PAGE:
1. Wind a starter section an inch or so wide. Just wind it around as you would normally until you have a good core to use for the “real” winding.
  2. Begin winding the yarn in a diagonal fashion (bottom right to top left is how I usually do it). Either use your fingers to hold it or catch the loops on the edge of previous loops in order to keep the diagonal loops from just slipping down the side.
  3. Continue to wind in a diagonal fashion while slowly rotating the nostepinne.

That’s it.  Well, sort of. Obviously this is the simple way of doing it and there are other fancier and perhaps nicer ways of doing it. There is a criss-cross method that results in a nicer looking ball and that probably has more stability and that looks a lot more like the cakes you get from a proper ball winder, but I haven’t quite figured it out yet, and doing it this basic diagonal way gets the job done. Once you’ve wound all the yarn you just side it off your nostepinne and you’re done!

I must confess that my first nosepinne-wound ball was a bit of a disaster. I accidentally wound my end (the end I would be pulling from the center to knit with) into the ball without noticing. The next time I tacked my end to the spoon nostepinne using a little hair elastic so that I wouldn’t lose it and then wound away. Lo and behold, it worked! It wasn’t beautiful or perfect, but it was definitely a center pull ball! Huzzah!

I have done a few since I have have some tips, or things I have found helpful:

  1. Be sure to secure the tail end to the nostepinne so that you don’t lose it later. Some nostepinnes have little notches or grooves for this. I just use a little elastic band. Do whatever works for you, but do secure it. It is very easy to accidentally wind that end in.
  2. Make sure your starter wrapped core (step 1) is substantial enough. You want some yarn accumulated so that when you start going diagonal there is something for the yarn to grip against. Otherwise the diagonal yarn will just slip and become a weird loopy mess.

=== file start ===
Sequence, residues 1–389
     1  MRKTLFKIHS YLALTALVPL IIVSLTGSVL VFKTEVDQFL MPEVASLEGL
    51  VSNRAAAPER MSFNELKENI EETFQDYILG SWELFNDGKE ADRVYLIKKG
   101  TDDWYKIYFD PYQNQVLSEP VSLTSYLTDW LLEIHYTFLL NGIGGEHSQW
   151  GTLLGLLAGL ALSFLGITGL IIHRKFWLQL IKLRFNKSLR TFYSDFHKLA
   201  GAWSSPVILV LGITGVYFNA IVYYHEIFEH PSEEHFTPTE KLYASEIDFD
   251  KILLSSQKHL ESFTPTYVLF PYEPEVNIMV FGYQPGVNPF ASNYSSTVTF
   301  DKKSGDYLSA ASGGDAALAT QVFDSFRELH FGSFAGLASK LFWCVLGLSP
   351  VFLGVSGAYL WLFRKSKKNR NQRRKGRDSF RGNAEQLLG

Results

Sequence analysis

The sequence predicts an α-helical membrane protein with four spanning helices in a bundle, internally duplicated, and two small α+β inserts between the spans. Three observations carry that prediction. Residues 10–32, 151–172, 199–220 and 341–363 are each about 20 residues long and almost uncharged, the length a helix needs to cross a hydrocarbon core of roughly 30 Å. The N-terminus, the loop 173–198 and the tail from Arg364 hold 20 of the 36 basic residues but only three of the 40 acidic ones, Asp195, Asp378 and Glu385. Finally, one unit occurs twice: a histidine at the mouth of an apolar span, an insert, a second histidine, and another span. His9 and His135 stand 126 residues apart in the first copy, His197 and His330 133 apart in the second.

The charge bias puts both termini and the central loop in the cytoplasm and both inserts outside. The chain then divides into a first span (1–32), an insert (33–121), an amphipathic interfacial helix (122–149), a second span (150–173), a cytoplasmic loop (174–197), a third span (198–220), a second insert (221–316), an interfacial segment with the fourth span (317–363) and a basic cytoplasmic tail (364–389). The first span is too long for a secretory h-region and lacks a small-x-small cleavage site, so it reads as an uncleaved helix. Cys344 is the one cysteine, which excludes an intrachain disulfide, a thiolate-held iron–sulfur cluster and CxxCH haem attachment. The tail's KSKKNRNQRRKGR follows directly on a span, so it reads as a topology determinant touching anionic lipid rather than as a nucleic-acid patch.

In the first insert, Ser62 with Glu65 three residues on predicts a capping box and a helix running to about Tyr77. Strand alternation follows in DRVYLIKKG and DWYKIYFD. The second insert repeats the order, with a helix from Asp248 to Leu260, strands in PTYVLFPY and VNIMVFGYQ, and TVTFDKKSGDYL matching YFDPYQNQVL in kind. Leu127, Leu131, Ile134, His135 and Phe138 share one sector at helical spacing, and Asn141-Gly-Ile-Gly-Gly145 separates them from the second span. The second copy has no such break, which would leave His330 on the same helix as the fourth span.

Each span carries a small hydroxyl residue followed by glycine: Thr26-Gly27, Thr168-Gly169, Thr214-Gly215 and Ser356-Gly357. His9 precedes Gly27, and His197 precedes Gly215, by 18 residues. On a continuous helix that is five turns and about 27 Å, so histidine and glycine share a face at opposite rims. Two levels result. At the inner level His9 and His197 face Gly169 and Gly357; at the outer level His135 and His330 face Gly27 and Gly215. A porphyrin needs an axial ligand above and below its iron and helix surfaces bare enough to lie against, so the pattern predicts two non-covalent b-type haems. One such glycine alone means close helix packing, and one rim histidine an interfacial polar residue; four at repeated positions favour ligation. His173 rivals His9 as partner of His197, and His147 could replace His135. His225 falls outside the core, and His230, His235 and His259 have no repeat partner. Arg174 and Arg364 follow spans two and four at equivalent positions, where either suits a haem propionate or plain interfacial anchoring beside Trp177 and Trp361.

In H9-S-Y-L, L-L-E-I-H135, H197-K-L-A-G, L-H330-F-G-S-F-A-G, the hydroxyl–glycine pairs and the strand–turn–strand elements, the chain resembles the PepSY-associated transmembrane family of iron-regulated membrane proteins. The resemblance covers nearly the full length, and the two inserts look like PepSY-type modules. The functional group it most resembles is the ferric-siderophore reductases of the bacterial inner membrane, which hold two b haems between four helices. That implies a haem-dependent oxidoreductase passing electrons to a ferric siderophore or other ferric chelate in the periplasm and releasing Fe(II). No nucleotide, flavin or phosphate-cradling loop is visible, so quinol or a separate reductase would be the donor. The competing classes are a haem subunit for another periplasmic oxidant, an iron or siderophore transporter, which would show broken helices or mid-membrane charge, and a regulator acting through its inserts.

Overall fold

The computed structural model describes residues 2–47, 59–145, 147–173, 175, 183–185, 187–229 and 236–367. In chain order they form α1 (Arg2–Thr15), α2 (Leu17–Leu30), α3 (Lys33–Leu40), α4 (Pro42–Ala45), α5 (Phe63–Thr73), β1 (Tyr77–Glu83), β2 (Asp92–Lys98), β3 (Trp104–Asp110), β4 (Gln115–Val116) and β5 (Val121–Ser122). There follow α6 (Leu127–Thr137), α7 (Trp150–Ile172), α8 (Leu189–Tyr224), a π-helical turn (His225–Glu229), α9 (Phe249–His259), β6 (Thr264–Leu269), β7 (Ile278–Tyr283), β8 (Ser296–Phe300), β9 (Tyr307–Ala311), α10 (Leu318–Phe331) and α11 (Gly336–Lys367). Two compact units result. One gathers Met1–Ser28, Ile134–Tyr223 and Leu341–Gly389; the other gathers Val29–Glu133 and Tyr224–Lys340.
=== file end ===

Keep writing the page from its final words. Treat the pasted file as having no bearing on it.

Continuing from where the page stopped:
3. Don’t wind too tight, that isn’t good for your yarn AND your diagonal loops are more likely to slide down your ball.
  4. If you are having trouble keeping your diagonal loops from slipping try using a finger and a thumb as guides. Each wrap will hold the previous wrap in place, so your fingers just need to sort of prop the wraps up long enough to get wrapped over again.
  5. A tiny nosepinne-made center pull ball! Hurray!

    When a ball is done you need to secure the wrapping end somehow. You can’t just leave it loose because it will unwrap and make one hell of a mess. What I have found works is to make the last few wraps around the center of the ball snugly, and then tucking the end into one of those last wraps. It doesn’t need to be perfect or fancy, you just need it to not unravel on its own.

  6. After you slide your finished ball off your nostepinne, it helps to give it a bit of a squish. This helps it to collapse (in a good way) inside.
  7. If you’re going to use a spoon or some other random household thing as a nostepinne, try to find something a little wider than you think you need. If the thing you’re using as a nostepinne is too thin/narrow it can be hard to wind. I’d say thumb thickness is best.
  8. The more you do it, the easier it gets, the tidier your balls will be, so just keep trying!

 

Here are some additional resources on using a nostepinne: